The general disposition of the proofs follows the Nestorian order with the strongest arguments in the first and last sections, distributing the weaker ones and gathering them together in the middle. In fact, in the chapters included in group B, the arguments against the Christians are often introduced by terms like fama, audio, alii dicunt, fabula, obscuritas: arguments of this species taken one by one, have a low persuasive potential. In the initial chapters of block A and in the conclusion, the proofs drawn from the authority of the ancient texts and from the Socratic philosophical tradition represent, in the beliefs of the orator, the arguments with the greatest weight.

The central structure of the discourse in two blocks (A and B) and the coordination between them spring, in the first instance, from the nature of the thesis, presented by the orator according to the comparative status qualitatis, that requires the comparison of the two philosophical models. The functional blocks A and B work together in order to support the thesis, every section responds to the thesis requirement: section A aims at proving how venerable and advantageous/useful (venerabilius ac melius) the traditional model is, section B proves that choosing Christianity as an alternative to the traditional religio is an unreasonable choice. From a dialogical point of view, section B adds complementary arguments supporting the thesis and it tries to prevent attacks on the arguments of pars construens (section A).

Structure of Caecilius’s discourse.

4. Difference of opinion.
The difference of opinion springs from the different points of view of the two debaters around the more correct and useful philosophical/religious model. It is mixed because different standpoints are adopted by the respective orators, who alternately in their discourses, play the roles of protagonist of their own thesis and antagonist of the other’s thesis (Eemeren, F.H. van, Grootendorst, R., & Snoeck Henkemans, A. F. 2002).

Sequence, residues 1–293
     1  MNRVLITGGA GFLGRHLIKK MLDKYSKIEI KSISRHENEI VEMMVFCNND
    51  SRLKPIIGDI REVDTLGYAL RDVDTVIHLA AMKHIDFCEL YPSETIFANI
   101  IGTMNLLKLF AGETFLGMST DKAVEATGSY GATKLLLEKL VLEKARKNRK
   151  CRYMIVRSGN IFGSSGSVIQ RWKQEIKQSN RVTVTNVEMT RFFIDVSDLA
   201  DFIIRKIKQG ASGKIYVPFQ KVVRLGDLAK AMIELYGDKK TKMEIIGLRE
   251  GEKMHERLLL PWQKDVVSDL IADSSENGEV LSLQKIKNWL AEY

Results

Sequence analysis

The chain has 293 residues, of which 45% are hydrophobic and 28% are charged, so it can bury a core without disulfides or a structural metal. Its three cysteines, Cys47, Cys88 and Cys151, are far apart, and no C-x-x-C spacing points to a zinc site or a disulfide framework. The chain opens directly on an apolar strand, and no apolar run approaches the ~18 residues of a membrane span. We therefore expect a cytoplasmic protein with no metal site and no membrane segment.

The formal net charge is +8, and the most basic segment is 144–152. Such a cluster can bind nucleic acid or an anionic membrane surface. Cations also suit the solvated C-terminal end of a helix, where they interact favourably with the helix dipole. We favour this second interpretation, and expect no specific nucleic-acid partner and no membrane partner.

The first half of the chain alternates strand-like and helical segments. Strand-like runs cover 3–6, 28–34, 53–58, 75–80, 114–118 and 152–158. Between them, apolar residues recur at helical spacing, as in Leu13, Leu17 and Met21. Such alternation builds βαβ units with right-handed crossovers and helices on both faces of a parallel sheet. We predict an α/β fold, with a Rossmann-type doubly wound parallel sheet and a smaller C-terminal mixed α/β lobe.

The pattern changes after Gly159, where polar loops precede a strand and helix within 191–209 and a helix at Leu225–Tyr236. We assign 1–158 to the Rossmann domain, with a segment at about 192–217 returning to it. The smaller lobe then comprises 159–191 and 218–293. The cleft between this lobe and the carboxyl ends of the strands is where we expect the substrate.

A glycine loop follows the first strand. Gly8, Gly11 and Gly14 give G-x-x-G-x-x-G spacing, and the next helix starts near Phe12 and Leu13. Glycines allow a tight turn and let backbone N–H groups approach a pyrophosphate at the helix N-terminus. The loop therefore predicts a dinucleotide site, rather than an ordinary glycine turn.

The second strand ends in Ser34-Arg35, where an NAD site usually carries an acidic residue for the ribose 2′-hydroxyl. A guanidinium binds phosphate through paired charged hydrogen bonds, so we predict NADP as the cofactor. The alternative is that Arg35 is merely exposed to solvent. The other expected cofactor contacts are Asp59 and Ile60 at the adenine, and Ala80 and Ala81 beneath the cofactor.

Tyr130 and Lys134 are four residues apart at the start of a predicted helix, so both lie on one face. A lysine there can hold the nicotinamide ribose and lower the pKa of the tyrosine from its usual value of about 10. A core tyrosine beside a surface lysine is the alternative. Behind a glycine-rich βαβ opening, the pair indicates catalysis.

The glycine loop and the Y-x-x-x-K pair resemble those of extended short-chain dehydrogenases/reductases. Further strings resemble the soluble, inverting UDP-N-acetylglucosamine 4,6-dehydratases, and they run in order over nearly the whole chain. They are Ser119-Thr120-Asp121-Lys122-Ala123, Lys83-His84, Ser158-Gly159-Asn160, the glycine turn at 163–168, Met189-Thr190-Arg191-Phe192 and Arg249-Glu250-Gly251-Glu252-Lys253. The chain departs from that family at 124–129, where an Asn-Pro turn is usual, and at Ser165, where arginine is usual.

Question: what kind of life is better? (V, 1)
Caecilius Premise: everything in human matters is doubtful and uncertain. (V, 13)
Thesis: to receive the teachings of the ancestors is much more venerable and useful. (VI, 1)

Octavius Premise: I will convince you and I will show how false your opinions are through the confirmed and approved truth. (XVI, 4)
Thesis: accepting Christianity is more reasonable.

5. Analysis of the thesis
The thesis present in VI, 1 springs from the semantic content expressed in V, 13, of which it represents a res adiuncta (de diff. topicis 1200B, 1200C). In syllogistic terms, the thesis represents the unnecessary conclusion of a hypothetical enthymema having as premise V, 13b.

Before proceeding with the analysis, the thesis will be reduced and simplified in order to make the work easier. The textual segments which contain the leading thought of the orator can be identified in the sentence quanto venerabilius ac melius antistetem veritatis maiorum excipere disciplinam, which results in a thesis made up of two coordinate elements. The other eliminated indications can semantically be brought back into the two isolated statements.